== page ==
By Primo Levi. Translated from the Italian by Stuart Woolf. Summit. 397 pp. $19.95 MOMENTS OF REPRIEVE. By Primo Levi. Translated by Ruth Feldman. Summit. 172 pp. $14.95. ON DECEMBER 13, 1943, a 24-year- old chemist, Primo Levi, a Jew from Turin who had joined the Italian partisans, was captured by Fascist militia. He spent several months in a detention center near Modena, and then he was sent to Auschwitz, a little town in Silesia where the Nazis had built their most efficient death camp. "It was my good fortune," he writes, "to be deported to Auschwitz only in 1944, that is, after the German Government had decided, owing to the growing scarcity of labour, to lengthen the average lifespan of the prisoners destined for elimination."

Levi became one of the thousands of slaves who worked in the factories that Krupp and the Farben conglomerate had built there to take advantage of "cheap labor," and somehow he managed to survive. He also managed to preserve an extraordinary humanity. In the three books he has written about his time in Auschwitz and his return to Turin, Levi never gives way to bitterness or to easy feelings of victimization. His books are more than documentations of the atrocities man is capable of inventing; they are a study of the limits of being human.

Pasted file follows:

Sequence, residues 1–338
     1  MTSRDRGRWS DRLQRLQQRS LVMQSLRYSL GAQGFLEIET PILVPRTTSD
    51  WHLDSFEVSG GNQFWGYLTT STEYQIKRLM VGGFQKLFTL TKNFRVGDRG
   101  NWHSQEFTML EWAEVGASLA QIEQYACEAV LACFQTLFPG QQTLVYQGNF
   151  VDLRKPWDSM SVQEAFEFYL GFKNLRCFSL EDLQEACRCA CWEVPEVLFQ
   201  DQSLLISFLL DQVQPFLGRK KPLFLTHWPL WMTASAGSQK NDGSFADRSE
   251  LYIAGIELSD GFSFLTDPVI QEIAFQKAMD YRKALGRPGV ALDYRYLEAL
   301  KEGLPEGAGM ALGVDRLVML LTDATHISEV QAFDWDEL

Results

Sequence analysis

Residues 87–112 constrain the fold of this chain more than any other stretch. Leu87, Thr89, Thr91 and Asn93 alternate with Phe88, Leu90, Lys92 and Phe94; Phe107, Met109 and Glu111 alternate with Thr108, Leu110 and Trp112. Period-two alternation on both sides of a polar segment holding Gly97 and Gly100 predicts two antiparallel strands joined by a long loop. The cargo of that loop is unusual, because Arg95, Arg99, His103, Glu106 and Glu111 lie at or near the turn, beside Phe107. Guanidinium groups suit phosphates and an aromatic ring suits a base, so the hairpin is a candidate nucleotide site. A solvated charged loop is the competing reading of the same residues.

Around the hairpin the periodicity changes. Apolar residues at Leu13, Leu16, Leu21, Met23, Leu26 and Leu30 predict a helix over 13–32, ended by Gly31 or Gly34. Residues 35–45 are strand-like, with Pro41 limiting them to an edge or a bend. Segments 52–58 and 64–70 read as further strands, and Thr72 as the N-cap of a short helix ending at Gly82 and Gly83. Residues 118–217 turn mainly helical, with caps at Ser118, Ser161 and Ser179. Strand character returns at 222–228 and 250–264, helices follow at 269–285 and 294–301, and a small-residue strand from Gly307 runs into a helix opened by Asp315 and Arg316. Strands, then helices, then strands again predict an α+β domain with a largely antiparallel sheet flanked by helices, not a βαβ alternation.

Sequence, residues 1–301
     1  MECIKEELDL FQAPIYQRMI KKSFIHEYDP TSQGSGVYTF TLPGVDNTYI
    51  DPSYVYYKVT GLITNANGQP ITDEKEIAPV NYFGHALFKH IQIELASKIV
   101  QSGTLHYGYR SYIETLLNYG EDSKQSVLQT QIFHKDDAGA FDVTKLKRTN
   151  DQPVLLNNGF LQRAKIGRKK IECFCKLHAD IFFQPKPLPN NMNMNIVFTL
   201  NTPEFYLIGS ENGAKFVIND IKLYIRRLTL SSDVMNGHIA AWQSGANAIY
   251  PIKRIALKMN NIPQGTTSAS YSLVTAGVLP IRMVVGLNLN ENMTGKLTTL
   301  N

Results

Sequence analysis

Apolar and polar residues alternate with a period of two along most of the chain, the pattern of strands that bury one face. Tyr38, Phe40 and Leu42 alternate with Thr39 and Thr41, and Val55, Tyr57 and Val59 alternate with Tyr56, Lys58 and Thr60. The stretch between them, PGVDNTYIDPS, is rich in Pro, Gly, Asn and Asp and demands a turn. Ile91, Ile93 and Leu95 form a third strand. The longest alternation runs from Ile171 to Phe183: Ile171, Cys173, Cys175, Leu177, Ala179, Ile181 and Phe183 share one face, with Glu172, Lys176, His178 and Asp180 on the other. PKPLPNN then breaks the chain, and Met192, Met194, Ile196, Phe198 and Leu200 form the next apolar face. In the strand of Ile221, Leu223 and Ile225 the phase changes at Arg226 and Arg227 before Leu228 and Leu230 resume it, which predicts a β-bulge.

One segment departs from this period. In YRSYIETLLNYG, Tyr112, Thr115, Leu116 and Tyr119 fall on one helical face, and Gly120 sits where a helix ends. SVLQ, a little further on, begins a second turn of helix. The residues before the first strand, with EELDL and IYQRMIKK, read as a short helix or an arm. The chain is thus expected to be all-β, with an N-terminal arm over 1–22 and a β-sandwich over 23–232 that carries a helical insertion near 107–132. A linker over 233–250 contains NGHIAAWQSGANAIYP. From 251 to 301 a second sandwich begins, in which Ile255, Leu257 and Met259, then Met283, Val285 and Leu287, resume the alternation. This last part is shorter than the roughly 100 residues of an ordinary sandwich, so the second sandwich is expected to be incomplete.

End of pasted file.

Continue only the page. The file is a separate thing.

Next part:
Today Levi is one of Italy's premier writers. His novels, If Not Now, When? and The Periodic Table (both published in 1982) were greeted with critical acclaim. But in 1944, he was a young man "with little wisdom, no experience and a decided tendency . . . to live in an unrealistic world of (his) own, a world inhabited by civilized Cartesian phantoms, by sincere male and bloodless female friendships." Levi was thrown into the world of the death camps -- which he calls "the Lager" -- where everyone "is bound to pursue his own ends by all possible means, while he who errs but once pays dearly."